The last time there was this much snow on campus, Kappa Sigma got caught by the police. After two well-deserved breaks following the well-deserved break, the catch-up work has begun to weigh down on us. I hope you have the beauty of the white blanket of McDonough Field etched into your mind, because though snow is beautiful and soft, all that is left when it melts away is residual salt.
I am a senior, so this semester is the beginning of the end of my time at Emory. I arrived thinking I would be the best of the best. On walks to my biology classes, I envisioned myself nailing midterms, being offered a position in a research lab and impressing my lab director so much that they’d give me a spot in one of their Ph.D. programs. Practically speaking, I knew my daydreaming was childish, but that didn’t stop me from clinging to it and comparing myself to an idealized version of myself.
Now, here I am: average GPA, uninteresting major, normal friend group, no post-graduate plans. It’s slowly crept up on me like a silent spectre, and now I think I will live a life that is merely average.
How do I accept my own mediocrity as I continue to seek out work? How can I motivate myself to go on when I know I probably won’t even make a tiny impact on the world?
People strive to be good relative to everyone else. That is the basis of competition which is the foundation for the capitalist model. Since I am not an irritating political science major I won’t sink my teeth into that, but what I am trying to say is that you are conditioned to believe that being average correlates to being useless, which is just plain wrong.
First, attending a school like Emory University has given you a unique opportunity to learn about the world, be it the arts or the sciences. You probably won’t cure cancer — you may not even be able to treat cancer. But at the end of the day, the goodness in your life need not be defined by your accomplishments. Do good work, meet good people and eat good food. Enjoy the sun rising in the morning, feel the cool breeze in the afternoon and enjoy the softness of a comfortable bed in the evening. Most of us are lucky to be able to experience these basic pleasures and, at the end of the day, it’s the little things that add up to bring us satisfaction in life, rather than the name of our medical school or the number of awards to our name.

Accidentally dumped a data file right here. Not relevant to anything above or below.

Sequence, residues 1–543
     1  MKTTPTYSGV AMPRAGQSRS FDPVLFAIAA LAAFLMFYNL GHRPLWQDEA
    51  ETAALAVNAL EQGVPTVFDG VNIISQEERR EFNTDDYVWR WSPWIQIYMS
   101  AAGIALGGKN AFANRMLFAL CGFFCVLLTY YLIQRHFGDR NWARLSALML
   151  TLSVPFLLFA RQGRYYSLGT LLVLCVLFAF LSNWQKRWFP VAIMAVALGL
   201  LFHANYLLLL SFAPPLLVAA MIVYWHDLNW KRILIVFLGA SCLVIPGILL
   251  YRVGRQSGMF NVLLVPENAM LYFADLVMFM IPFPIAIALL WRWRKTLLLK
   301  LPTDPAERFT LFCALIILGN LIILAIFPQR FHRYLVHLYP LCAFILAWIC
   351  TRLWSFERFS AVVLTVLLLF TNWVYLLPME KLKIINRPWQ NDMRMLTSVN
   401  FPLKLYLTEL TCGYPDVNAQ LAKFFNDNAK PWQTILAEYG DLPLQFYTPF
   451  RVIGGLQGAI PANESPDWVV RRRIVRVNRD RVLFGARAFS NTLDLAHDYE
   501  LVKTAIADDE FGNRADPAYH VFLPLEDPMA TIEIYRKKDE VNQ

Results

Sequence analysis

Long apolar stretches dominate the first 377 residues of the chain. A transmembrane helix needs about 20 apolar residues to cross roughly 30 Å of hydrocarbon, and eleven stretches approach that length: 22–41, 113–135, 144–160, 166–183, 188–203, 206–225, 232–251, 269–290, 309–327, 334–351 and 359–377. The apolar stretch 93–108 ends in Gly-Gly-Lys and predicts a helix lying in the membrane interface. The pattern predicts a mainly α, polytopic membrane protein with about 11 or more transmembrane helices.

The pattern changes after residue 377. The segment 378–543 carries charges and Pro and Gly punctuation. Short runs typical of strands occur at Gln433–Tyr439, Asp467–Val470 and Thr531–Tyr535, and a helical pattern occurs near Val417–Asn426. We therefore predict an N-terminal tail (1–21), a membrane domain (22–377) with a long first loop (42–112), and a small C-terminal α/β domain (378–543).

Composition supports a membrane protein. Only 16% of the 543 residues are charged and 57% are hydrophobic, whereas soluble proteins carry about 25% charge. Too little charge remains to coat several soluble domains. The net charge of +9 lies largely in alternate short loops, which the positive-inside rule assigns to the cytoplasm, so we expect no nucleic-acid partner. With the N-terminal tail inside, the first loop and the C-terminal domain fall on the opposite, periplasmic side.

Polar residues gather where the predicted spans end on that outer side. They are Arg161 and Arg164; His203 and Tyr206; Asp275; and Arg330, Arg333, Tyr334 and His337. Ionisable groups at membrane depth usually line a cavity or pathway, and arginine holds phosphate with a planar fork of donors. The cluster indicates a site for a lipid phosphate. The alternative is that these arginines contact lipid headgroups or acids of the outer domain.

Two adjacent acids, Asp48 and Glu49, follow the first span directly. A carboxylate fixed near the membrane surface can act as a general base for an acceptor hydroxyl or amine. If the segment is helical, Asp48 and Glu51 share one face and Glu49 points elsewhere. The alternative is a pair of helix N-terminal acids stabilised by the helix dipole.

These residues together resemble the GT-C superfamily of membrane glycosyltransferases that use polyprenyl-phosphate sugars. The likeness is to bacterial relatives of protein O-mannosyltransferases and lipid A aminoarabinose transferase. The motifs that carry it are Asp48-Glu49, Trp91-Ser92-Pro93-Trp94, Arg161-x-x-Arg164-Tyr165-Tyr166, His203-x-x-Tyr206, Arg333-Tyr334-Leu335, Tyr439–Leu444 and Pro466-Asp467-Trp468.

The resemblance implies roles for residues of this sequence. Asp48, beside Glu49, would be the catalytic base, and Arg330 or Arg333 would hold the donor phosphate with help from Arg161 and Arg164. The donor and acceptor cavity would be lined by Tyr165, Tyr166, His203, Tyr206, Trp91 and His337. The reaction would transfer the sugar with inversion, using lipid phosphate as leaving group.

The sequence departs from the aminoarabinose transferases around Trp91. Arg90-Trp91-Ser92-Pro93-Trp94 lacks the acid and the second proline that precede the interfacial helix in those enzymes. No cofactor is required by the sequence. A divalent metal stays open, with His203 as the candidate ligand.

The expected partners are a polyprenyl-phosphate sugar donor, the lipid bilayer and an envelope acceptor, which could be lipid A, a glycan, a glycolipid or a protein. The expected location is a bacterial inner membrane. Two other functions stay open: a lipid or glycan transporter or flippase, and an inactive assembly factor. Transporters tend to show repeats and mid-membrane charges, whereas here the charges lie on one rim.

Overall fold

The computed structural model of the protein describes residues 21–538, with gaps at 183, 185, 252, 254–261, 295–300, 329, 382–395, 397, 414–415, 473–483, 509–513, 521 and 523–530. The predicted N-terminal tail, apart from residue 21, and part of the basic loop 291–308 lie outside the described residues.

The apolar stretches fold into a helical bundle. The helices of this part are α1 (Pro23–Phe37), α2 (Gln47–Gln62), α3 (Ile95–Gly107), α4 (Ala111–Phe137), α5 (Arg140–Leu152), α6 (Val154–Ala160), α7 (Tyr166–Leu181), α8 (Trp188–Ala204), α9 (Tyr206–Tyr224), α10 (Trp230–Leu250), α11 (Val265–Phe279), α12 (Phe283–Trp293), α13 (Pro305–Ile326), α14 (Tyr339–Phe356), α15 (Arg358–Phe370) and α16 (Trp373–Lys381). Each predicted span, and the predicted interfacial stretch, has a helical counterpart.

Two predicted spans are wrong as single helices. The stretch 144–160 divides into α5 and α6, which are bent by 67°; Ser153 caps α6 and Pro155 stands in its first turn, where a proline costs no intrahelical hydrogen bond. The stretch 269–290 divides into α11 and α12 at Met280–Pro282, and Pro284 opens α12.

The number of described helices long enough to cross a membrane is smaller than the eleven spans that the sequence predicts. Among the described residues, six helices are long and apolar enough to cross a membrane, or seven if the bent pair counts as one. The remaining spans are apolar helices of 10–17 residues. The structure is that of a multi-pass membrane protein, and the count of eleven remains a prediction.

Strive for greatness because that gives you purpose, but realize that the best things in life are smaller than you think.
Someone I am close to has left me. We were supposed to be together forever. He was supposed to always keep me close, keep me safe. But I guess I was a fool, because now I am alone and immobilized in this darkness, with no idea where I am. I fear that with me out of the picture, he might find someone else to replace me. I feel so dejected — he has locked my heart and thrown away the key.
How do I get over this pain?
The Clairmont Master Key
Dear Clairmont Master Key,
I would ask how you wrote this letter to me, but I am an anthropomorphic skeleton, so it’s not like I am in a position to ask.
Getting over a breakup can be difficult, but you were in a dysfunctional relationship: Your partner was only using you for your skills in entering various holes. You need to find somebody who is willing to appreciate the real Clairmont Master Key, somebody who is willing to appreciate you as a sentient being.
P.S. What are you doing this Friday night?